A two-day conference of about three dozen college faculty members from around the country at Drake University ended today far short of its goal. Instead of a plan to "address the hypocrisy in college sports" that could have been presented quickly to campus leaders, the group left with a 12-point "working document" it plans to use as a starting point for another meeting in several months.
The group did decide to call itself the National Association of Faculty for Collegiate Athletic Reform and mostly was in agreement with the notion that "whenever possible, universities return college sport to its amateur moorings by adopting need-based financial aid."
"This indeed was daunting," said the disappointed conference organizer, Jon Ericson, a professor in Drake's department of rhetoric and communication studies. "We set our goals high. Now everybody has a chance to go back home, get some rest and begin writing briefs for our next meeting. We'll make our case the way it ought to be."
Some members were concerned that leaving without any plan to give to university leaders would create the impression of, as Ericson put it, "faculty doing what they always do, talking something to death and avoiding the hard decisions."
The working document opened with a statement that accused "the bureaucracy of the NCAA and its member institutions" of helping the growth of commercialism and professionalism in college sports and having a detrimental impact on academic standards and faculty control of their classrooms.
Among the proposals in the working document:
* All academic counseling, advising and support programs should be located outside the athletic department.
* Schools should disclose the academic major, academic adviser, courses, grade-point average and instructor for each student in the university. But no individual grades would be released. This would help determine if athletes were taking easy courses.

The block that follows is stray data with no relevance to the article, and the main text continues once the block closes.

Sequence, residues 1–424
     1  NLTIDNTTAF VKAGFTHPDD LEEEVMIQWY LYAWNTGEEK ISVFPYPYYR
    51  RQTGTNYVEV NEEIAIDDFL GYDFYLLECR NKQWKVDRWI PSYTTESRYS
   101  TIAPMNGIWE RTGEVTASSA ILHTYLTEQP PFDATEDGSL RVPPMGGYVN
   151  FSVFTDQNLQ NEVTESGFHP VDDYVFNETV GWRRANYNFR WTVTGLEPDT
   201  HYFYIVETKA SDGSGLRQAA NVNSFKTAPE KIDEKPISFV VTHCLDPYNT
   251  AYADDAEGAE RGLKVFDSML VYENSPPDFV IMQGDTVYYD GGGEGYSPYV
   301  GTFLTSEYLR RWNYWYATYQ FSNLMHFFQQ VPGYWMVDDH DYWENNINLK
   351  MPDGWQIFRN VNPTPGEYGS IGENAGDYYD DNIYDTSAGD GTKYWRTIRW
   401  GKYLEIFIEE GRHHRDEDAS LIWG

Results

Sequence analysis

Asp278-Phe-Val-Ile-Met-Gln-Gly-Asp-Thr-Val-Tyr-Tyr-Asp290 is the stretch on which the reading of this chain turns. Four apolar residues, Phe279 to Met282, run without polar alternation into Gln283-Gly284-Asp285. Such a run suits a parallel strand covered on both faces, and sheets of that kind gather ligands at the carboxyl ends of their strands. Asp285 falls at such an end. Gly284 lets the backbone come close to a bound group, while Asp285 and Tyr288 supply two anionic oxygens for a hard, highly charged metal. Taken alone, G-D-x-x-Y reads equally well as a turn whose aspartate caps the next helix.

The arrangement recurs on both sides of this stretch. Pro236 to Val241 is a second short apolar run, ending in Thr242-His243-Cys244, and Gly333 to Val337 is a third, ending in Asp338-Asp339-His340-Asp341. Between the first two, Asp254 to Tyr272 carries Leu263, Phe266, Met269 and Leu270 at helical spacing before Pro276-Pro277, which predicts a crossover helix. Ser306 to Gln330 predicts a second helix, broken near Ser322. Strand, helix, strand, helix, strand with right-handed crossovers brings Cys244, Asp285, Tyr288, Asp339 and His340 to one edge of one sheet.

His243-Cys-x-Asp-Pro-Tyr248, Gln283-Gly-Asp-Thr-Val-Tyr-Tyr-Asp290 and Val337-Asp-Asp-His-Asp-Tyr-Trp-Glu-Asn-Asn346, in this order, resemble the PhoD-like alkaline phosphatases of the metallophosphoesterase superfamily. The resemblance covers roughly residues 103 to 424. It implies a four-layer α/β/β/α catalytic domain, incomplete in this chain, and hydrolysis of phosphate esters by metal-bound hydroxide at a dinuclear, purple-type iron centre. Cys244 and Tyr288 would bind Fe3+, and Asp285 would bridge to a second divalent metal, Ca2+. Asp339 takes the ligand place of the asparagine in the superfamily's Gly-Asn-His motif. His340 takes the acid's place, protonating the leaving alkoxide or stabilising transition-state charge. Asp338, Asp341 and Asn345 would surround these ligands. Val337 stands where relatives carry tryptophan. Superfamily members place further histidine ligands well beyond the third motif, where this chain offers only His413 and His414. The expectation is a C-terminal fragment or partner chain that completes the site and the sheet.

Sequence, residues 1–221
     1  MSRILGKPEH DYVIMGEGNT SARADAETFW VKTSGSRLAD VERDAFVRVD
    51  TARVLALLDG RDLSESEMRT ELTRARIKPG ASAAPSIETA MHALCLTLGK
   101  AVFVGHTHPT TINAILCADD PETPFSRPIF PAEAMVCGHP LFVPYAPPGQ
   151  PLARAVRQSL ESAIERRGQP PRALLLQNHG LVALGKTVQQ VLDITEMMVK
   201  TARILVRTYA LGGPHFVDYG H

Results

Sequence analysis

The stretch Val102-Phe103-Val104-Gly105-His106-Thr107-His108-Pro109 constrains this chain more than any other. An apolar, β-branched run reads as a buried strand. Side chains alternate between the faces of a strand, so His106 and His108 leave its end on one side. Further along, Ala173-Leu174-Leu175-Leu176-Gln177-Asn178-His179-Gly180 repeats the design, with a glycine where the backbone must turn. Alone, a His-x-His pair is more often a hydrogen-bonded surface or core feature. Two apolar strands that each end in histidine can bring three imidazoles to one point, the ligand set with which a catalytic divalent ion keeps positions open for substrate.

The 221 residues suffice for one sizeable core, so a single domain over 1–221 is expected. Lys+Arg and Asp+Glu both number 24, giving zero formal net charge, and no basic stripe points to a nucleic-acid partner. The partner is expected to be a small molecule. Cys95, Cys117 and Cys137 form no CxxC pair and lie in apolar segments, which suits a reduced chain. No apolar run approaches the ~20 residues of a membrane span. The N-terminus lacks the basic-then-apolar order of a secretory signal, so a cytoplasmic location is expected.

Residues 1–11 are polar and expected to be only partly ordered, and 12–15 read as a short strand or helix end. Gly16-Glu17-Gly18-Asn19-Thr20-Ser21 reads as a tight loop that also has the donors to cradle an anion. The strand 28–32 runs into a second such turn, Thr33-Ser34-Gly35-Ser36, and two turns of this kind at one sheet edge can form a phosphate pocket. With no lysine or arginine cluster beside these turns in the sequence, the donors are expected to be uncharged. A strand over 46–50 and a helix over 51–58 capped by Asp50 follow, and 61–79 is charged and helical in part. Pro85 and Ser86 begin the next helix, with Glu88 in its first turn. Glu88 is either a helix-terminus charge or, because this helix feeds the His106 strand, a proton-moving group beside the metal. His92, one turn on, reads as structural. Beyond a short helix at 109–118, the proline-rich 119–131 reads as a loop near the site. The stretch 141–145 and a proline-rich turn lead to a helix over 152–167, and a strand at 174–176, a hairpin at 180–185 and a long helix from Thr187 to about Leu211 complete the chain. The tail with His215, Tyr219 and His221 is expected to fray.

* Calling for a review of the length of seasons for each sport. Some participants thought baseball players lose more classroom time than their counterparts in football or basketball.
* Supporting a proposed NCAA rules change that would tie the number of athletic scholarships a school can award annually to academic success.
* Money from shoe and apparel companies should be paid to the university and not to any coach.
* No money from mandatory student-activity fees should be used to support intercollegiate athletics.
Not included in the document was a proposal that the number of football scholarships be reduced from 85 to 45. That was one of the few proposals that would dramatically reduce the costs of college sports.
There were contrasting views on the overall scope of the sessions.
"I was looking for much more action," said Terry Knapp, a professor of psychology at Nevada-Las Vegas.
"I don't think reform happens in a day," said Ellen Staurowsky of Ithaca College, who has co-authored a book on college sports.
The best perspective seemed to come from Murray Sperber, a professor of English and American studies at Indiana University who has written three widely acclaimed books about problems in college sports.
"There was nothing here that others, including the Carnegie Commission in 1929, did not come up with," he said. "The important thing is that the critics keep criticizing. We're in a trough right now, where reform of college sports in not on the national agenda. But it's important that critics keep making their points."